I don't know which is the most bullshit here though: the fact that I had to be waiting inside my house at 10am on day two to get the missing bit of the mirror to turn it into a portal to a parallel universe to collect a shovel, or the fact that touching a near invisible lever was an immediate game over.
Neither issue is quite as bad as what I had to do to collect a bobby pin though. Remember the room where the librarian was stamping books?
I would recommend Dark Seed without hesitation to anyone interested in developing a point and click adventure game of their own, as you could likely learn a lot from it. I'm not sure I've ever seen anything in the genre screw up in so quite many ways.
- It doesn't display the names of items when you hover the mouse over them, so you have to click on them with the ! cursor to tell what they are.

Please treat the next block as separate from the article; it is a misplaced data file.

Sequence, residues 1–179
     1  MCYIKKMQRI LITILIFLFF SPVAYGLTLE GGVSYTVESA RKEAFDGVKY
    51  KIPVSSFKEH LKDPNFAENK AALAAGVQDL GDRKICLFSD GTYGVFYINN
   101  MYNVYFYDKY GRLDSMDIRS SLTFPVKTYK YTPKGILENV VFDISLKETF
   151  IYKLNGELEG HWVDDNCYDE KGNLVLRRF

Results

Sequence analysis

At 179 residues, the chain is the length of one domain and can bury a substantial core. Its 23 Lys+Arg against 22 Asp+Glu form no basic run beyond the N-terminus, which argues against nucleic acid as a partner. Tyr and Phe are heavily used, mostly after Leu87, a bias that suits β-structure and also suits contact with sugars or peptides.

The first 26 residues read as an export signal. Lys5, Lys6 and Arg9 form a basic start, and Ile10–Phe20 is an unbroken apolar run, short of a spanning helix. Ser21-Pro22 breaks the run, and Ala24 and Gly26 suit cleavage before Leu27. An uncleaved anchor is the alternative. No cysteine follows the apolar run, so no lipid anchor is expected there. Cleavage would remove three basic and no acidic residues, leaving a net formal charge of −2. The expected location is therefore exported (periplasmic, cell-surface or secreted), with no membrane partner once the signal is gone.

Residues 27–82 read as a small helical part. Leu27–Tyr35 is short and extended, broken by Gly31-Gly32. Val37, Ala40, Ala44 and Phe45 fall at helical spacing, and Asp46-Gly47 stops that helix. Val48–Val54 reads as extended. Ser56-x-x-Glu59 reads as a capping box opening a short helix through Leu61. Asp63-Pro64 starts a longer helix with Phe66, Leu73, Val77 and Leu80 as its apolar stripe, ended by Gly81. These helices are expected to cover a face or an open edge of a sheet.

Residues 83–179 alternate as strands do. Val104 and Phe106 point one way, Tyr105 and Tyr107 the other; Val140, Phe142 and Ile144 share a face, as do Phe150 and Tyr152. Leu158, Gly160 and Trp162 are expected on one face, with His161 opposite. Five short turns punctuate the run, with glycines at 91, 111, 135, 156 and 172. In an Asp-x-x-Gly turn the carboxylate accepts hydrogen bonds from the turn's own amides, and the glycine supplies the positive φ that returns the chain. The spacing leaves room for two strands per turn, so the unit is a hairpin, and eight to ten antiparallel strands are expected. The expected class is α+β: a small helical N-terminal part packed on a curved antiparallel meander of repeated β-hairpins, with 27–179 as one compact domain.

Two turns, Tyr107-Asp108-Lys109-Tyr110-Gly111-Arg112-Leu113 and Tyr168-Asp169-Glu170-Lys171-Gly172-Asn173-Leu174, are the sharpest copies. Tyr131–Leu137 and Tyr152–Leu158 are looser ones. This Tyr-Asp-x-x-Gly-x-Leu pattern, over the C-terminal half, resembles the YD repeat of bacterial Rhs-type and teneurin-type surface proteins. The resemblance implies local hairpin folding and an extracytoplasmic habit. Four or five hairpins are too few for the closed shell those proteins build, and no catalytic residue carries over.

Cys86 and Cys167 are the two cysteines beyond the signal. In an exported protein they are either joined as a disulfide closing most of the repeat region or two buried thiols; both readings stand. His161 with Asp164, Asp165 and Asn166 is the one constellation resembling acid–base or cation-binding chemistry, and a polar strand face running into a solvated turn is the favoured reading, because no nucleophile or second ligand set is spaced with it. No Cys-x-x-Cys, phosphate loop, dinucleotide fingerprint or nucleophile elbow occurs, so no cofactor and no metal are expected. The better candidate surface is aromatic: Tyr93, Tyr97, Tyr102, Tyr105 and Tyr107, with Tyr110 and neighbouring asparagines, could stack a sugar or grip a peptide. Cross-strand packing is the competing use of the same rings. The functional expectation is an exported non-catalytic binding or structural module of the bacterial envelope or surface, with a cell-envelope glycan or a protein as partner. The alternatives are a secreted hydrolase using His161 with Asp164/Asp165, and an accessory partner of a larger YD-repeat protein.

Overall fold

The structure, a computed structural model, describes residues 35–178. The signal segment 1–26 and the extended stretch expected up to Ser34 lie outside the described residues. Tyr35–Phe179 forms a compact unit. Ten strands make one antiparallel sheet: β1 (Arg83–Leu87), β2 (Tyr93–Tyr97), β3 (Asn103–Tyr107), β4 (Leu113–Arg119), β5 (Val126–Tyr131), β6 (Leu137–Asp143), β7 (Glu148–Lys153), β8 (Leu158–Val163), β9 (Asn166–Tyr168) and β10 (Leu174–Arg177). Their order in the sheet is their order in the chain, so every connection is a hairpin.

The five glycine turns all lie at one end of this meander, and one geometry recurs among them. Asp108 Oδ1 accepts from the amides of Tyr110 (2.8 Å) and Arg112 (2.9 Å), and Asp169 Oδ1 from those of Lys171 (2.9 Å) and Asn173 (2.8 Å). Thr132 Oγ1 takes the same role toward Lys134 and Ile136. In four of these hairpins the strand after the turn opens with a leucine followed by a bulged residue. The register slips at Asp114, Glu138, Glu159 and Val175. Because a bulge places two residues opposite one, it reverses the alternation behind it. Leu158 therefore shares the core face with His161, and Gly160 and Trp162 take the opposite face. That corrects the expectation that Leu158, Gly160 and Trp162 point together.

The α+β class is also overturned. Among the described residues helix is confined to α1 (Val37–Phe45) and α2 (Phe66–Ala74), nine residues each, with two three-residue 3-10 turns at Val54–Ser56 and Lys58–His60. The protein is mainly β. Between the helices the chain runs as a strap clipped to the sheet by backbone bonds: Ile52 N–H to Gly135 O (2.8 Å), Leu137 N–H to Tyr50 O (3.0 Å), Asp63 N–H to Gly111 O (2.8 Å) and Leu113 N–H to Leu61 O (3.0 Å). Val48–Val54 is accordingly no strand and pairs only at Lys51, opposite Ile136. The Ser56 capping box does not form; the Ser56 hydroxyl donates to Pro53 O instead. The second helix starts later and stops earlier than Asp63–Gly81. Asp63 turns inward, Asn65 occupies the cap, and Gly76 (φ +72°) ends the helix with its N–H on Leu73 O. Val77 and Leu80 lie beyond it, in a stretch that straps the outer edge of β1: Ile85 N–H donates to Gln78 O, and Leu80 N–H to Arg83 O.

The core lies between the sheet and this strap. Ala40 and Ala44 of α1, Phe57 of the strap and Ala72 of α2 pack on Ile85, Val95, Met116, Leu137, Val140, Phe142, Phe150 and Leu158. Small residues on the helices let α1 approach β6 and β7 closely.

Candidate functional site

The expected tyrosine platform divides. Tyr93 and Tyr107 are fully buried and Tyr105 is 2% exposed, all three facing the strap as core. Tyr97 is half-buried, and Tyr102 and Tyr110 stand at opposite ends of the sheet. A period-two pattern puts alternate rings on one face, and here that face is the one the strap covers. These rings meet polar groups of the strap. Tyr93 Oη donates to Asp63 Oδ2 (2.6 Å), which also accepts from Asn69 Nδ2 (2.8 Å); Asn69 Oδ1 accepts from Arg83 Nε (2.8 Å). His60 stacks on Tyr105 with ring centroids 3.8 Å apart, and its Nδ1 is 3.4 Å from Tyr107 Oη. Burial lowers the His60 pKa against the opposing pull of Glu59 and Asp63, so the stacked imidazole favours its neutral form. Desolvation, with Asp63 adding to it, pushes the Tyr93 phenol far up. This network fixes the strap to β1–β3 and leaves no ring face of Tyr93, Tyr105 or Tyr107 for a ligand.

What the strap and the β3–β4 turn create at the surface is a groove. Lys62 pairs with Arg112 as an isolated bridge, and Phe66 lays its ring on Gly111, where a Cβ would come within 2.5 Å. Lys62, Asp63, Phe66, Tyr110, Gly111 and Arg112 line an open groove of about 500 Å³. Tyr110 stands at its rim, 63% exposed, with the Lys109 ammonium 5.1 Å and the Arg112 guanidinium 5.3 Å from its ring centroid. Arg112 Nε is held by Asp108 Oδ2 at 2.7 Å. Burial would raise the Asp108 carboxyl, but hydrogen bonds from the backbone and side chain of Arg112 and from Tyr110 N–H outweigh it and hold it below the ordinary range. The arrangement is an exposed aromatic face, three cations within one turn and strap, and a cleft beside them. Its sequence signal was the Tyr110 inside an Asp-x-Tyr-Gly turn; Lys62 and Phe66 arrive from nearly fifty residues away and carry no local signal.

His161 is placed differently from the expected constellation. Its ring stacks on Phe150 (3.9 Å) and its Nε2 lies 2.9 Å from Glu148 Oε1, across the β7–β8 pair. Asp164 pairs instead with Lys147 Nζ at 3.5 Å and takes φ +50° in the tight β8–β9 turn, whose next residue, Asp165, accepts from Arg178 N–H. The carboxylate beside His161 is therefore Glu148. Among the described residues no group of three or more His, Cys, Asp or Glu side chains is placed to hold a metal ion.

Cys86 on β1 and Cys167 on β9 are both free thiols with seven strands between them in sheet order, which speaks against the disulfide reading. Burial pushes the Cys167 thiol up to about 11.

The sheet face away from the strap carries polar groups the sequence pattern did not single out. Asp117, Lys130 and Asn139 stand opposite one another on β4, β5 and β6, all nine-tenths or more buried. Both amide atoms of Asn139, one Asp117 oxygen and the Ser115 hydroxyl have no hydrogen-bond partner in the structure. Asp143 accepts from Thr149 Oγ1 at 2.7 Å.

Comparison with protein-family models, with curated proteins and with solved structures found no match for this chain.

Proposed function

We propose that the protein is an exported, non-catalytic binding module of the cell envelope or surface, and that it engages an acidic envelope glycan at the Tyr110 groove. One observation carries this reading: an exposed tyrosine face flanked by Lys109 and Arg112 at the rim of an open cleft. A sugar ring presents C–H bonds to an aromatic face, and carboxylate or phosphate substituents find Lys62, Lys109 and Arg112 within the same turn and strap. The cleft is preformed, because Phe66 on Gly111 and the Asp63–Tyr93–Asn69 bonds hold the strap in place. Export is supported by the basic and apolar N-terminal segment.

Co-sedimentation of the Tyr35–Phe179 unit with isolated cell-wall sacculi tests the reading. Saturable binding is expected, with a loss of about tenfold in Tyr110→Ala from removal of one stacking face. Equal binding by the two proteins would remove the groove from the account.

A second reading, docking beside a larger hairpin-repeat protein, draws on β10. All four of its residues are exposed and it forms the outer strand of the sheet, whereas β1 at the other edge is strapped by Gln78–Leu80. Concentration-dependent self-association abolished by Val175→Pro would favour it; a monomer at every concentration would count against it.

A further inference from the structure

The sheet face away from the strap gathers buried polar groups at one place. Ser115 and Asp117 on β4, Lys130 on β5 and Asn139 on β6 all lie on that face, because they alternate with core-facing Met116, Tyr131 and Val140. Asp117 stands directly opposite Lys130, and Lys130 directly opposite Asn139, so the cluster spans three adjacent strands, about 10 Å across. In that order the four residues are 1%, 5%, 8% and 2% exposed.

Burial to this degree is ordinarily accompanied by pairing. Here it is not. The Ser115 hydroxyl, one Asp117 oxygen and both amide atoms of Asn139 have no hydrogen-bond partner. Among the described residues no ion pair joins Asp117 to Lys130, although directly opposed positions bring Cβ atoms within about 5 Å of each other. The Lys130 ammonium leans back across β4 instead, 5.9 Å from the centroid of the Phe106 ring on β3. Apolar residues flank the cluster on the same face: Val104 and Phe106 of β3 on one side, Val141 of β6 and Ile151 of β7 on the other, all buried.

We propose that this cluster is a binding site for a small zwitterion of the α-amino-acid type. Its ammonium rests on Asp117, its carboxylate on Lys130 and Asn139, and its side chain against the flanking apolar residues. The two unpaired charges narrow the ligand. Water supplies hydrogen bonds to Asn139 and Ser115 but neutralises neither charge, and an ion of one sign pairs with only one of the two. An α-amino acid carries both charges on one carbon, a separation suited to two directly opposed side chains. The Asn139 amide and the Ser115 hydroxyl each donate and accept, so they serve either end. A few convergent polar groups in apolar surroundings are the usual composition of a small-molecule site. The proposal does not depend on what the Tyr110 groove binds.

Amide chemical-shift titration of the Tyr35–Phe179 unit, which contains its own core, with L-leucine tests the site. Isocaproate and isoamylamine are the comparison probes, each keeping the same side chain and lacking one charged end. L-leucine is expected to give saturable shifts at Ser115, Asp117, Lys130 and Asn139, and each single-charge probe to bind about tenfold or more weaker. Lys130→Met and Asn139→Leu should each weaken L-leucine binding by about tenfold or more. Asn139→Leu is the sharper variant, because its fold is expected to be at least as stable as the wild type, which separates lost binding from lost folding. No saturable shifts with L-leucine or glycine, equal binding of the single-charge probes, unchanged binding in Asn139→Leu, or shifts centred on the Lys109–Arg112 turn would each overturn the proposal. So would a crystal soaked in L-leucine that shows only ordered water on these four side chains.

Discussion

- Half the time objects don't stand out from the background so you have to sweep the screen and watch the cursor to tell what can be interacted with. The whole screen. Even that tiny crack in the floorboards.
- Being on a timer means you can't relax and explore new places properly, but you do have to identify everything twice as you never know what's important to trigger some other event.
- You have to be home at certain times on certain days, but the watch you need to tell the time out of the house is well hidden enough that I never found it. Plus you apparently need to remember to wind it occasionally.
- You have no way of knowing what times you need to be home for most things unless you've been there by chance at the right time on an earlier playthrough.